Deutsche Boerse to keep Frankfurt focus after LSE merger - CEO

FRANKFURT (Reuters) - Germany's Deutsche Boerse DB1Gn.DE aims to keep its derivatives trading and settlement operations in Frankfurt after its planned $30 billion (20.6 billion pound) merger with LSE Group LSE.L, its chief executive said.

Carsten Kengeter, CEO of Deutsche Boerse talks to the media during the presentation of FinTec start-up facilities provided by Deutsche Boerse in Frankfurt, Germany, February 24, 2016. REUTERS/Kai Pfaffenbach

The group that would result from the merger will need a mainstay in the euro zone, CEO Carsten Kengeter said at a conference with bankers and politicians late on Tuesday.

“That’s why Eurex Clearing and Clearstream Banking Frankfurt will remain central structures and always stay there,” Kengeter said.

LSE Group and Deutsche Boerse said last month their planned merger was on track and steadily winning support, despite a looming UK vote on continued membership in the European Union (EU).

Both companies have been working intensively on preparations to obtain all regulatory approvals since unveiling their plan in February to create the world’s biggest exchange by revenue, Kengeter said on April 27.

But bankers and politicians in Frankfurt are concerned the tie-up could undermine Germany’s financial centre, citing the planned seat of the merged group in London and a possible UK exit from the EU.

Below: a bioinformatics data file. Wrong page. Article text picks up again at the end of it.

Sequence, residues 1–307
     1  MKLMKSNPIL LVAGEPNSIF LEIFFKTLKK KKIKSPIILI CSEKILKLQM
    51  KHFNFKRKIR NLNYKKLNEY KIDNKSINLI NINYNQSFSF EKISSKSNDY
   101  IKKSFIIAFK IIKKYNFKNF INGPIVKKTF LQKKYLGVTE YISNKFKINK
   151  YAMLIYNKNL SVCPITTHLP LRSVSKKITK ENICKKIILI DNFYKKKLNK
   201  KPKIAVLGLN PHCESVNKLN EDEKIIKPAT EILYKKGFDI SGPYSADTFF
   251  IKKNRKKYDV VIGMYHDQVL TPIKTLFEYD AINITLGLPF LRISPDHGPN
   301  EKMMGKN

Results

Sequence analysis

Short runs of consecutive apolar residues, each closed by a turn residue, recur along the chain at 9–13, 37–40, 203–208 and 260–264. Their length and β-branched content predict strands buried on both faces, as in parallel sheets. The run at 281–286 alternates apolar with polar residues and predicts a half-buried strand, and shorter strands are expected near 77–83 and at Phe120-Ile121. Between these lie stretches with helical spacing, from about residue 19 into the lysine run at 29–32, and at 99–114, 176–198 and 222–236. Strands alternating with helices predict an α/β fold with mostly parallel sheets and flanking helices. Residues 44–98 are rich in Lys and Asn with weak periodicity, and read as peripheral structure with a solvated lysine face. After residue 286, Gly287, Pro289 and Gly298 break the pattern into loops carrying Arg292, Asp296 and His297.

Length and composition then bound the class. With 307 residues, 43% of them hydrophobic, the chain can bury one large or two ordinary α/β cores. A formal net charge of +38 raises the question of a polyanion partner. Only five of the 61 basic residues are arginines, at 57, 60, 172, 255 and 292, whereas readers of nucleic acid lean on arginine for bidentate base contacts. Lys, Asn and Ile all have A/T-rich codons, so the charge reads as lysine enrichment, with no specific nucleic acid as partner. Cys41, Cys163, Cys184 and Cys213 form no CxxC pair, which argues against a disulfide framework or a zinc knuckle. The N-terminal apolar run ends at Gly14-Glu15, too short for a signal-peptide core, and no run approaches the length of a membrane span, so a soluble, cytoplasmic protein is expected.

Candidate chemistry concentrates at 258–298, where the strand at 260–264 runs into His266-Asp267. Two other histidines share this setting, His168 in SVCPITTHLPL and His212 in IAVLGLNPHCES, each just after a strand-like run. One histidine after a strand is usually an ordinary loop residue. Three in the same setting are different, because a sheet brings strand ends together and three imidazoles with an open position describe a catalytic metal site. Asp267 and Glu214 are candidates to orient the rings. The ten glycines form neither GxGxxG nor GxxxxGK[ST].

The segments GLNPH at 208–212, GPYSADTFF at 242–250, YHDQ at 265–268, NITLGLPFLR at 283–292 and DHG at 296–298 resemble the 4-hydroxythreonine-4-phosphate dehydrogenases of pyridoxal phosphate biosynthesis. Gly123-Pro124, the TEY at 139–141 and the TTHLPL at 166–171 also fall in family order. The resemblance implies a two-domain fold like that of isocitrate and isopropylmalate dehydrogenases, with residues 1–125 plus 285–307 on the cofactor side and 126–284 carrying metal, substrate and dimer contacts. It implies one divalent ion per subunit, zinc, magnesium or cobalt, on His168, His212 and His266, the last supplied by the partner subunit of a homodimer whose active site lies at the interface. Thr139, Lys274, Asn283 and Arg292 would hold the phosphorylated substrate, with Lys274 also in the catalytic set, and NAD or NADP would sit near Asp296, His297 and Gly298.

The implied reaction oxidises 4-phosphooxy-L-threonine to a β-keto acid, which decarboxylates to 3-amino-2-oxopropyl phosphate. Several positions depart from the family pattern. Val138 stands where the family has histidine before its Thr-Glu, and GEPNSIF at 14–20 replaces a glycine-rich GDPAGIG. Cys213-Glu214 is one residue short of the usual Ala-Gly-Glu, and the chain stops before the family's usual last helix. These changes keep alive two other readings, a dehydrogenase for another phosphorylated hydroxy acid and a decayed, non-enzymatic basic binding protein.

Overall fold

Britain, home to Europe’s biggest financial centre, votes on June 23 on whether to remain in the bloc. Any vote in the referendum to leave the EU could create major uncertainty for the country’s financial services industry.

Separately, CEO Kengeter said he expects a growing number of listings on the Frankfurt stock exchange in the wake of the merger.

Companies in Germany's blue-chip DAX .GDAXI index would benefit from greater equity capital as much as start-up firms and family-owned businesses, Kengeter said, noting there were four times more IPOs in London last year than in Frankfurt.

“Creating direct access to capital from London will promote and stimulate initial public offerings (IPOs) in Frankfurt,” Kengeter said.

Reporting by Andreas Kroener; writing by Andreas Cremer; editing by David Clarke and Mark Trevelyan